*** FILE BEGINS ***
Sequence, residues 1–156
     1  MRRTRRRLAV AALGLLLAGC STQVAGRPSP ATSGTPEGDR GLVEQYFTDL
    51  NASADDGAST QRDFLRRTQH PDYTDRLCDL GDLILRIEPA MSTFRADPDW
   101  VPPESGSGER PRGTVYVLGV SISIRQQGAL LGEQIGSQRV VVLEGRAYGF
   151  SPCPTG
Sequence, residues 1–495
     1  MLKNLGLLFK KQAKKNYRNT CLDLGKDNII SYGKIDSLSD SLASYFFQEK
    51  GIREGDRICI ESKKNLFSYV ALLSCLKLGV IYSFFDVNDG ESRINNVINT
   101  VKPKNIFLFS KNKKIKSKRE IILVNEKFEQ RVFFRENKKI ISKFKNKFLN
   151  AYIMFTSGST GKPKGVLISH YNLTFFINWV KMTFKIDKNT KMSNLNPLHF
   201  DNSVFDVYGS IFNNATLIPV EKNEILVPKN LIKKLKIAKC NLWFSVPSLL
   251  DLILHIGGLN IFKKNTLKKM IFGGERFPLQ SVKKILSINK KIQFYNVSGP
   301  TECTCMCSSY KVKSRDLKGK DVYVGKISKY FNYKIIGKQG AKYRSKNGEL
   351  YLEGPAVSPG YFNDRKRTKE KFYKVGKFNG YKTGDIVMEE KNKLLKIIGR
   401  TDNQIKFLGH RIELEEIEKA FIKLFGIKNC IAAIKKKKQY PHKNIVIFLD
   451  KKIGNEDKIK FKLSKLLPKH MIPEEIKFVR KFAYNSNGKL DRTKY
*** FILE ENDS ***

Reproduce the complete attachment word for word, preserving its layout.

Sequence, residues 1–156
     1  MRRTRRRLAV AALGLLLAGC STQVAGRPSP ATSGTPEGDR GLVEQYFTDL
    51  NASADDGAST QRDFLRRTQH PDYTDRLCDL GDLILRIEPA MSTFRADPDW
   101  VPPESGSGER PRGTVYVLGV SISIRQQGAL LGEQIGSQRV VVLEGRAYGF
   151  SPCPTG
Sequence, residues 1–495
     1  MLKNLGLLFK KQAKKNYRNT CLDLGKDNII SYGKIDSLSD SLASYFFQEK
    51  GIREGDRICI ESKKNLFSYV ALLSCLKLGV IYSFFDVNDG ESRINNVINT
   101  VKPKNIFLFS KNKKIKSKRE IILVNEKFEQ RVFFRENKKI ISKFKNKFLN
   151  AYIMFTSGST GKPKGVLISH YNLTFFINWV KMTFKIDKNT KMSNLNPLHF
   201  DNSVFDVYGS IFNNATLIPV EKNEILVPKN LIKKLKIAKC NLWFSVPSLL
   251  DLILHIGGLN IFKKNTLKKM IFGGERFPLQ SVKKILSINK KIQFYNVSGP
   301  TECTCMCSSY KVKSRDLKGK DVYVGKISKY FNYKIIGKQG AKYRSKNGEL
   351  YLEGPAVSPG YFNDRKRTKE KFYKVGKFNG YKTGDIVMEE KNKLLKIIGR
   401  TDNQIKFLGH RIELEEIEKA FIKLFGIKNC IAAIKKKKQY PHKNIVIFLD
   451  KKIGNEDKIK FKLSKLLPKH MIPEEIKFVR KFAYNSNGKL DRTKY